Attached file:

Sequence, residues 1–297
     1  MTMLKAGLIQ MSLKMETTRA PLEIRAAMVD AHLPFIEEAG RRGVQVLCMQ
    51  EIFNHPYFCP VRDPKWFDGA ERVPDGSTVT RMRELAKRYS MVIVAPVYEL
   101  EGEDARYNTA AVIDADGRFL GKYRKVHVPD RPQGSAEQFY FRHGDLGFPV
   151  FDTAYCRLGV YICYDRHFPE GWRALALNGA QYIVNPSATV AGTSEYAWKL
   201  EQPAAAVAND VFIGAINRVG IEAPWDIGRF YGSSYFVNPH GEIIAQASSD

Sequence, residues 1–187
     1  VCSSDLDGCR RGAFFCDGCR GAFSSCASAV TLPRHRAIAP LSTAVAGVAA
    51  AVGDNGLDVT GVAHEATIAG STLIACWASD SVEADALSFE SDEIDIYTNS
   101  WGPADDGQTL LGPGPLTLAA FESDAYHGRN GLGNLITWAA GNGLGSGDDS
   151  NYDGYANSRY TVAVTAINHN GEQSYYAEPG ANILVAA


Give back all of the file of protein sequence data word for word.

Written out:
Sequence, residues 1–297
     1  MTMLKAGLIQ MSLKMETTRA PLEIRAAMVD AHLPFIEEAG RRGVQVLCMQ
    51  EIFNHPYFCP VRDPKWFDGA ERVPDGSTVT RMRELAKRYS MVIVAPVYEL
   101  EGEDARYNTA AVIDADGRFL GKYRKVHVPD RPQGSAEQFY FRHGDLGFPV
   151  FDTAYCRLGV YICYDRHFPE GWRALALNGA QYIVNPSATV AGTSEYAWKL
   201  EQPAAAVAND VFIGAINRVG IEAPWDIGRF YGSSYFVNPH GEIIAQASSD

Sequence, residues 1–187
     1  VCSSDLDGCR RGAFFCDGCR GAFSSCASAV TLPRHRAIAP LSTAVAGVAA
    51  AVGDNGLDVT GVAHEATIAG STLIACWASD SVEADALSFE SDEIDIYTNS
   101  WGPADDGQTL LGPGPLTLAA FESDAYHGRN GLGNLITWAA GNGLGSGDDS
   151  NYDGYANSRY TVAVTAINHN GEQSYYAEPG ANILVAA